— May 8, 2019
When it comes to eCommerce, typically there are 3 main factors to consider when your sales droop. We cover them in this week’s blog post.
1) How easy is it to purchase items on your website?
In this day and age your website needs to be easy to use, with a single page checkout. If not, if you’re still using an old-fashioned, convoluted multi-page checkout, then you are losing business. If it is hard for users to find what they are looking for, then you are losing business. A simple e-commerce interface will help these issues. And the cost of building this type of website has gone down a lot the last few years.
2) Are you still charging a lot for shipping?
We are living in an Amazon world, like it or not. Prime allows you to get many items the same day and most within a couple of days for free. So, if you are still charging a lot for shipping, you need to rethink this. I had one client whose prices were actually pretty good, but when you figure in the cost of UPS, the shipping cost ended up being more than the actual product cost. So I always ask the question, would you buy this? The answer is typically no unless it is an item not available anywhere else.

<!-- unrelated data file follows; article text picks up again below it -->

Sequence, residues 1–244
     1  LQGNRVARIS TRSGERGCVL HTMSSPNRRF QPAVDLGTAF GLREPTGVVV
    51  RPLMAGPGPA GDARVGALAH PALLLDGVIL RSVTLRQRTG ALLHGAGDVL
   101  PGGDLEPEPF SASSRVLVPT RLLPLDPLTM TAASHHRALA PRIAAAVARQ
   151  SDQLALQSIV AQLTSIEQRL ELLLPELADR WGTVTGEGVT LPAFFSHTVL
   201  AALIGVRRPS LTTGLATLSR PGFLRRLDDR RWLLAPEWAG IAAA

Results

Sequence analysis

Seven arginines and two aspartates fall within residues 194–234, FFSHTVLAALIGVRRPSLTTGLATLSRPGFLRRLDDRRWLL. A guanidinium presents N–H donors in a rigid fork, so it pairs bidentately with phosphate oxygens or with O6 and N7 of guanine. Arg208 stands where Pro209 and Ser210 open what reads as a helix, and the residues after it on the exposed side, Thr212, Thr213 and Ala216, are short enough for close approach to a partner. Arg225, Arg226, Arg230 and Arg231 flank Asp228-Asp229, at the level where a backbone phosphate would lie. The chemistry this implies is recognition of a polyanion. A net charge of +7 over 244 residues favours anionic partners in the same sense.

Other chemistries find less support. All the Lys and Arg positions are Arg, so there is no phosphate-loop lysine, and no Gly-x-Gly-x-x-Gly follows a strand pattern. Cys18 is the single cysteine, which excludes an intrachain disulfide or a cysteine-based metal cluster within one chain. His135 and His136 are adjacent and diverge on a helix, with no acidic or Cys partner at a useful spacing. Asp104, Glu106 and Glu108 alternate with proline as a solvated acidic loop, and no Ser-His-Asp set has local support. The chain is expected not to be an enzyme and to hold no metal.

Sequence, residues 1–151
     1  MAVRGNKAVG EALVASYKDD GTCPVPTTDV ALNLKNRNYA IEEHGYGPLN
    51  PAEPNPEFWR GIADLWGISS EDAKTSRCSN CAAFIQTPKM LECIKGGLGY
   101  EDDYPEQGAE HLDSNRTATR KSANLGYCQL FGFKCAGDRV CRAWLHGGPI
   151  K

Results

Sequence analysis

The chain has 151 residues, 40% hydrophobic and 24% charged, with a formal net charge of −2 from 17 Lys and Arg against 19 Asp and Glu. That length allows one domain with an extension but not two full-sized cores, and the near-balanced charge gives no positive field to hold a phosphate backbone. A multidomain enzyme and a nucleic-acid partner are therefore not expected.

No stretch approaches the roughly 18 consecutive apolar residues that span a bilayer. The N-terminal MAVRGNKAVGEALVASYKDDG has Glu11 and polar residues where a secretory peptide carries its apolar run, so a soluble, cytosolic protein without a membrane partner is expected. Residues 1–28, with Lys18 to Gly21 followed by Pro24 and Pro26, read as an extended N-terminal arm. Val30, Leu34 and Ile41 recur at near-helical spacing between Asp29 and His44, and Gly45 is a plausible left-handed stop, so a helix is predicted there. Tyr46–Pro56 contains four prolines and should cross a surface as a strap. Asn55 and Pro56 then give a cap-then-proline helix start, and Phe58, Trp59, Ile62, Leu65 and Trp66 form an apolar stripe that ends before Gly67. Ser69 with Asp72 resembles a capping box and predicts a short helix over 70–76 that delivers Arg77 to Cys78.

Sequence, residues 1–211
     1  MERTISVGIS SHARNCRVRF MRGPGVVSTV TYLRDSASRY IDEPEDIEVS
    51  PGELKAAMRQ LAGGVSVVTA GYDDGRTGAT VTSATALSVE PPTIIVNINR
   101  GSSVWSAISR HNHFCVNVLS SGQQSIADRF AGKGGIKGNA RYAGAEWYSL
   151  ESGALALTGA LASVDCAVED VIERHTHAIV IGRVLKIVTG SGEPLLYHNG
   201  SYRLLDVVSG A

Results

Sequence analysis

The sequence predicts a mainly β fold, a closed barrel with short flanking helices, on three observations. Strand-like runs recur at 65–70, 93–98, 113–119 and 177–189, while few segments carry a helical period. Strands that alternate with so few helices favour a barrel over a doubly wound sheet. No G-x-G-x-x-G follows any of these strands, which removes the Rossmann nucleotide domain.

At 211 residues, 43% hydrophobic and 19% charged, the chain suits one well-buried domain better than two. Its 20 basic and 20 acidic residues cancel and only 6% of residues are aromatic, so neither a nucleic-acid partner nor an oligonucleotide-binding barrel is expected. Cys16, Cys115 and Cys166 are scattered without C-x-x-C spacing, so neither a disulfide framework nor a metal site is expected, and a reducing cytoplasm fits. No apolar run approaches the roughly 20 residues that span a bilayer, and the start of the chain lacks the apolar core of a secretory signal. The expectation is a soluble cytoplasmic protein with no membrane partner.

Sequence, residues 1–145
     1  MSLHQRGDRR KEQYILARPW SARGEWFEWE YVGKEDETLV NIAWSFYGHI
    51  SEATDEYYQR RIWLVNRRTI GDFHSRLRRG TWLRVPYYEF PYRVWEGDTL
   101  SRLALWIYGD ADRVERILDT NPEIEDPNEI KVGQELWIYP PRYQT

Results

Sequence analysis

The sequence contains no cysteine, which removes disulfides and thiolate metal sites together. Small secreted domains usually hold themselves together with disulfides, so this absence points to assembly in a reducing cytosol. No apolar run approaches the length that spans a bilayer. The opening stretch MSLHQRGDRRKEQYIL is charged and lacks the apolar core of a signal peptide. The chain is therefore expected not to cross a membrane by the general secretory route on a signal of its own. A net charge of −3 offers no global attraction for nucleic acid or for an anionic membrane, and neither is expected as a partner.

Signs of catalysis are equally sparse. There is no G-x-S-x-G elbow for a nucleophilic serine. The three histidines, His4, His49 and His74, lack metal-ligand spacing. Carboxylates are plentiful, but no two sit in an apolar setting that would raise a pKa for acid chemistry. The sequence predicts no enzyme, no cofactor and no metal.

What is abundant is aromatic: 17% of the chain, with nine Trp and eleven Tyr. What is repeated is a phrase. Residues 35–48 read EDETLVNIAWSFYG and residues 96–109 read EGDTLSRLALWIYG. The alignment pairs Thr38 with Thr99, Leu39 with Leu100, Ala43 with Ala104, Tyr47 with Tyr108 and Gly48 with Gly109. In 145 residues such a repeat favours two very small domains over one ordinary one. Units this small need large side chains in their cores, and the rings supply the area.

3) How are your prices?
Again, people are used to using Amazon as well as Google Shopping to compare prices. So I advise my clients to do some comparisons to see where they stand. If your prices are out of whack, there is no reason for someone to use you, other than loyalty or convenience. But with most things available same day on Amazon, the convenience factor really goes out the window; unless it’s something somebody needs right away. Prices, of course, are the main driver for people to shop online. I did an experiment with a client who was not having much success selling online. I told him to take a common item, and to price it basically as a loss leader. As the product appeared in Google shopping results, and his price beat everyone else, his sales increased dramatically. He had been kidding himself that his price was competitive, but in reality he was far from the best price. The one thing he learned was that the people who’ve bought his items came back and bought other things as well. Now obviously you can’t beat everybody’s prices for every item, but perhaps some of those are not things you should be trying to sell online. Especially of course if you have a brick-and-mortar store as well. I may stop into a local store for a bit more money, but I am not ordering online for more money.
Bottom line: you want to have an e-commerce website, be realistic in your expectations. I am sure when you shop, you are looking for the best price (including shipping) and of course convenience. It is the same with your customers. So, don’t kid yourself, set your prices fairly, make sure you can ship for reasonable cost (or even better, free), and of course make sure your website is easy to navigate and for people to find what they need. If so you should see a marked improvement in your online sales.